I have a transformer with a single secondary winding but with multiple taps, as shown in the image. It is rated at 4A @ 24V (96VA).

Does this mean that at lower voltages (16V and 8V) it will be able to handle more current than 4A, considering that at any given moment only one of the taps will be used (24, 16 or 8 - but never two or more taps connected in the same time through a load to common)?

Ex: If at 24V it can handle 4A, at 16V will it be able to handle 6A?

I intend to use the transformer for a DC power supply.

Note: Please ignore the inductance values from the schematic

enter image description here


1 Answer 1


In short: no.

In "long": it doesn't mean that and, while it may be possible to be so, don't forget that the current capability is directly related to the cross-wire section (area), which means making it generate more than it was planned to will most surely heat it up and, possibly, permanently deteriorate the transformer.

However, seeing that you have 3x8V, it may be possible to connect the windings in parallel, thus granting you the ability to deliver 3 x current, but for that you need to separate the windings so that they are completely separate, then connect them properly in parallel (hot end to hot end), i.e. not in anti-parallel.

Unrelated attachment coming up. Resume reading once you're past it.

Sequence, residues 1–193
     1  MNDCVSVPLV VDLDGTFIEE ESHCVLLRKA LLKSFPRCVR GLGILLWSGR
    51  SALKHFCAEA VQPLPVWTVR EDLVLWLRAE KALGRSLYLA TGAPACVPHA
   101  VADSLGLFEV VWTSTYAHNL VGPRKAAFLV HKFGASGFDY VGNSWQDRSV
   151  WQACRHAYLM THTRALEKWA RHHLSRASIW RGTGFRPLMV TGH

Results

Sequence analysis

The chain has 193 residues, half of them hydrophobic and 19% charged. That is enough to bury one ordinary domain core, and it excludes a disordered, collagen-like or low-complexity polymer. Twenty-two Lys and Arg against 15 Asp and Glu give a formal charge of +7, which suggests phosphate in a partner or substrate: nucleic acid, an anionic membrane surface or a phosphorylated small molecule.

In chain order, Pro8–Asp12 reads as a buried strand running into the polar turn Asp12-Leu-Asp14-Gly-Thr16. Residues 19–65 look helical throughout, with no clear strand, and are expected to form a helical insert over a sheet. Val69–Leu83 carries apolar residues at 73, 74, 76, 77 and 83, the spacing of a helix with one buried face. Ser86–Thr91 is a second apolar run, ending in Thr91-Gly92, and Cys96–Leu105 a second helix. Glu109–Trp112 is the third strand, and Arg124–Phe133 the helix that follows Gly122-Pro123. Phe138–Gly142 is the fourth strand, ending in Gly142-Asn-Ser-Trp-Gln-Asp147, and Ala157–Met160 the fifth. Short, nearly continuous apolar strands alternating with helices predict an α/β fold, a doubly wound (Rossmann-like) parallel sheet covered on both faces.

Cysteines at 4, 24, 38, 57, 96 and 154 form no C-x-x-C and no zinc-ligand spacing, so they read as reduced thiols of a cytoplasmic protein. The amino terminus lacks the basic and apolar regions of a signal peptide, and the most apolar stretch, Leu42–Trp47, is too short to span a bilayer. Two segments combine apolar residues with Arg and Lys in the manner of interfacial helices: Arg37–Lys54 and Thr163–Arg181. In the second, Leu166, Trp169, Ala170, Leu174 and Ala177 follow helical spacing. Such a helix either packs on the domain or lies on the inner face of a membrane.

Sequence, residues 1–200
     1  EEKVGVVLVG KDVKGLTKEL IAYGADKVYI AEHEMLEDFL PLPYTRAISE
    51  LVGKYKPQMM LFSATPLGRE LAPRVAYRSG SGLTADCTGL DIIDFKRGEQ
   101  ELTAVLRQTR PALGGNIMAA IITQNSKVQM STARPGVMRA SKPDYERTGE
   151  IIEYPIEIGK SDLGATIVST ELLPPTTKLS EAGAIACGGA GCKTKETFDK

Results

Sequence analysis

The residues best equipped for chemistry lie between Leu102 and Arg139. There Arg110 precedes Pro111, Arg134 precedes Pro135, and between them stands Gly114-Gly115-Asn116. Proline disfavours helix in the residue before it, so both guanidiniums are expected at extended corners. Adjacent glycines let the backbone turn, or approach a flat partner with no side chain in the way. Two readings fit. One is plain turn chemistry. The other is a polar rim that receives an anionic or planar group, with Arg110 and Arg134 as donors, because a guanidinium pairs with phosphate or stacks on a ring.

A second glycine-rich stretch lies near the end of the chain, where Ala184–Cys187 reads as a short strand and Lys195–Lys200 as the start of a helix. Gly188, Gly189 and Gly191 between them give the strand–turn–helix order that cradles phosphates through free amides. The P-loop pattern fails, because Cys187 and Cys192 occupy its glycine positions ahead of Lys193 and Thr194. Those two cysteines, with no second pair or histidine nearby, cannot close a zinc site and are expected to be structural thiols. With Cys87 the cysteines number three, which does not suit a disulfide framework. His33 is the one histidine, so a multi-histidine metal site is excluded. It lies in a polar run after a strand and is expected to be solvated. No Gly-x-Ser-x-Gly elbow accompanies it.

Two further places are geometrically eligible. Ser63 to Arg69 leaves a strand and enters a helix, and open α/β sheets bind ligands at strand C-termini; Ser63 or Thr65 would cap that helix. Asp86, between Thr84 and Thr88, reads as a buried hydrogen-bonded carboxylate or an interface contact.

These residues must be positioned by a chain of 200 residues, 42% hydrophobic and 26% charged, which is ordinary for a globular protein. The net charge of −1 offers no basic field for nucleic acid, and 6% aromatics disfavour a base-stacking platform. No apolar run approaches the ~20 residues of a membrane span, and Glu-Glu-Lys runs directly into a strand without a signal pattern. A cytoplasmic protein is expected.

Even so, I would discourage this because the windings themselves may not be equal, that is, the 0-6 one may have the average turn length less than the 18-24 one would, meaning that the internal secondary impedances will differ, resulting in other possible cases of deterioration. If, by any chance, you get here, equality may be brought by inserting series resistances on each winding (two at least), at the cost of more losses.

  • \$\begingroup\$ The secondary has taps, not separate windings. You can't parallel them. OTOH, transformers with separated windings are constructed such that you can parallel windings without problems. \$\endgroup\$
    – stevenvh
    Commented Aug 28, 2012 at 17:51
  • \$\begingroup\$ One more thing: if it is able to handle 4A at 24V it means that it can handle 4A also at the lower voltage taps, right? I don't need more current. I just need it to be able to handle 4A on all the taps. \$\endgroup\$ Commented Aug 28, 2012 at 18:26
  • 1
    \$\begingroup\$ @Buzai: Sure, the current handling can be 4A maximum for any given voltage. It's like a pipe: whether it drips or flows, the maximum amount of water running is determined by the pipe's section (and durability). (I can't use two @s)Stevenvh: That's why I said "may" because some tapped transformers can have the taps modified to separate the windings. This only works for those that use a sort of a loop that goes out and back in the winding or similar approaches. This also most probably means that the windings are not equal, hence my last note. \$\endgroup\$
    – Vlad
    Commented Aug 28, 2012 at 20:13

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